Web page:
Franco-Italian aerospace company Thales Alenia Space aims to expand its 3D printed space exploration.
The company has recently supported the launches of the Telkom 3S, SGDC and KOREASAT-7 satellites with metal 3D printed parts, and will now scale up production for larger structures.
The number of metal 3D printed parts launched into space by the Franco-Italian company now totals 79 – 47 of which are different designs. Additionally, Thames Alenia Space has sent hundreds of 3D printed polymer tube supports thus far.
Earlier in 2017, Thales Alenia Space worked on the Iridium NEXT satellites which signified the first flight application of 3D printed thermoplastic through its propulsion system tube supports.
Largest 3D printed space parts
Thames Alenia Space’s use of 3D printing began two years ago with the launch of its first 3D printed aluminium antenna support. At the time, the aluminium antenna brackets were the largest 3D printed parts to be launched in space. Since then, all of Thames Alenia Space’s telecommunication satellites have incorporated additive manufactured antenna supports.
Thames Alenia Space uses laser beam melting machines to produce the metal parts and previously made use of a Concept Laser Xline 1000R machine to create initial antenna brackets.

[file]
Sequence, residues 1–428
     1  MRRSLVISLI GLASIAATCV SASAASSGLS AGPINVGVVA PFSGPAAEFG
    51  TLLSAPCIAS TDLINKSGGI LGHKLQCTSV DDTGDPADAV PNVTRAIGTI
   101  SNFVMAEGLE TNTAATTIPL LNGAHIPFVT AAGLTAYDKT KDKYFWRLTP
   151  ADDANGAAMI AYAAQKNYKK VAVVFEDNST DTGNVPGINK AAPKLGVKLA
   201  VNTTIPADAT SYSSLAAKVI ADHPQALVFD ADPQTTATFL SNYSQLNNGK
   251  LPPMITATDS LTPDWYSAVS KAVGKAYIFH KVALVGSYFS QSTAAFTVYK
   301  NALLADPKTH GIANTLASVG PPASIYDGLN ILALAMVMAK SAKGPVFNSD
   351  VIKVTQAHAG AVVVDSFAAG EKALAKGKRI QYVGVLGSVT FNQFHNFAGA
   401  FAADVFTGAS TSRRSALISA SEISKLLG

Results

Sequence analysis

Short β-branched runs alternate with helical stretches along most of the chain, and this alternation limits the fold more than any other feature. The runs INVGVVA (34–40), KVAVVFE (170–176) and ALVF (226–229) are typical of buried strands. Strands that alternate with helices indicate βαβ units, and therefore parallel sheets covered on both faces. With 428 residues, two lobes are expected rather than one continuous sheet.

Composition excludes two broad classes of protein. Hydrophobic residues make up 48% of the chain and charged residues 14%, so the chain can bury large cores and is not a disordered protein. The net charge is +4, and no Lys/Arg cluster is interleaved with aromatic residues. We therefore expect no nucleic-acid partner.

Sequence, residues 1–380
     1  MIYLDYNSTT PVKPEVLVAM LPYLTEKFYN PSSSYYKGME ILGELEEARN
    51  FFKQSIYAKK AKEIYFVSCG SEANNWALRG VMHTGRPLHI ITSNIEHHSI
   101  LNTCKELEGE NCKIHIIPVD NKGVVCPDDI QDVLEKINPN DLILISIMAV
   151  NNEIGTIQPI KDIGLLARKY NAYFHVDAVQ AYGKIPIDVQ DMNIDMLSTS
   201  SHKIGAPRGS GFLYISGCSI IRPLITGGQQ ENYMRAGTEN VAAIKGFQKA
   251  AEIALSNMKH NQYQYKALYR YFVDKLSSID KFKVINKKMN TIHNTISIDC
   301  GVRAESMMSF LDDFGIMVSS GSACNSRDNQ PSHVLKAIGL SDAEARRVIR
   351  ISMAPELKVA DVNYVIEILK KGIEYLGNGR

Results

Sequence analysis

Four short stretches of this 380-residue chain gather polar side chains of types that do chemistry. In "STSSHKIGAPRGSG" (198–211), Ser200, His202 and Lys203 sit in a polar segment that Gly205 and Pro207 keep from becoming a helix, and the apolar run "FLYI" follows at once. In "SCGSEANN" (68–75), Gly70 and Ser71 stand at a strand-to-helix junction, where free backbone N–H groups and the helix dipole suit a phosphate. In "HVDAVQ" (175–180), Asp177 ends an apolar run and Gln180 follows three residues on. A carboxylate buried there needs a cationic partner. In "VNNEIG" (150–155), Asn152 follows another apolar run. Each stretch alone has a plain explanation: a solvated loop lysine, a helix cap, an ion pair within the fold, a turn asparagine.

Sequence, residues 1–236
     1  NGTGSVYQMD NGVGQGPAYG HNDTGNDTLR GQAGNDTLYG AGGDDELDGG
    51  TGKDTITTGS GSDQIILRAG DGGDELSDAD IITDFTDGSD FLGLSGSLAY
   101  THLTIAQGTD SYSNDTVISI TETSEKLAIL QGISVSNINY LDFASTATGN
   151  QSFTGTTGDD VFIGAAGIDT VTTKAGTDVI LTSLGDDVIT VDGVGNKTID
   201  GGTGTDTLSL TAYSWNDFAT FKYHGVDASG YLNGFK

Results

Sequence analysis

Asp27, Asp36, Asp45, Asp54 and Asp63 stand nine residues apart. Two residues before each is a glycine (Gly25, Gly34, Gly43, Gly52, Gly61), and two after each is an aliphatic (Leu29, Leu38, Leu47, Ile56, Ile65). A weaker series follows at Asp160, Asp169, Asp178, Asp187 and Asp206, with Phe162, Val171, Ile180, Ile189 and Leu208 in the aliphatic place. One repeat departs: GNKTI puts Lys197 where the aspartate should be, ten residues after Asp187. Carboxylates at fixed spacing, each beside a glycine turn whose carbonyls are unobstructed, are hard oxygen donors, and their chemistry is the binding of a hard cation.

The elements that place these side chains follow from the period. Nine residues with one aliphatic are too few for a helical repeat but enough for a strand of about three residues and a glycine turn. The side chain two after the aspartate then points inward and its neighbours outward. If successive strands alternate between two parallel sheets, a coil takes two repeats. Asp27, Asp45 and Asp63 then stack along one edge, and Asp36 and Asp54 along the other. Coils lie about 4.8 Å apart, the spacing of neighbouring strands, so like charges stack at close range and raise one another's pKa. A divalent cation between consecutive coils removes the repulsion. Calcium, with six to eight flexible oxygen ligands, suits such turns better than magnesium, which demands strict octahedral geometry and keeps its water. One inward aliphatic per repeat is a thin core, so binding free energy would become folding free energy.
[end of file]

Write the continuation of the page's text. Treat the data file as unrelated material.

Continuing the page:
This year, Thames Alenia Space will look to expand the use of 3D printing to again create larger parts. The company explains it is currently working on dual antenna supports for a new telecom satellite which will launch in the near future. These dual antenna supports will be large in size at 480 x 378 x 364 mm (18.9 in x 14.9 in x 14.3 in).
Part consolidation and widespread use
Satellite launches are increasing the incorporation of 3D printing for weight reductions and enhanced design freedom. Satellite brackets in particular have shown significant application for 3D printing with other programs such as Canada Makes working on a 3D printed bracket to launch later in 2017.
Additive manufacturing also enables parts to be produced with increased functionality, as Florence Montredon additive manufacturing technology development manager at Thames Alenia Space explains. Montredon states the company’s “development efforts are now focusing on integrating several functions in a single part, such as mechanical, thermal and radio-frequency functions.”
Reducing the number of parts is another key benefit of the technology as it reduces assembly time and simplifies the design process. Californian rocket manufacturers, Aerojet Rocketdyne has successfully reduced parts in its Bantam rocket engine from 100 to just 3 additive manufactured parts.
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Featured image shows production of the Iridium NEXT satellite. Image via Thales Alenia Space/ImagIN.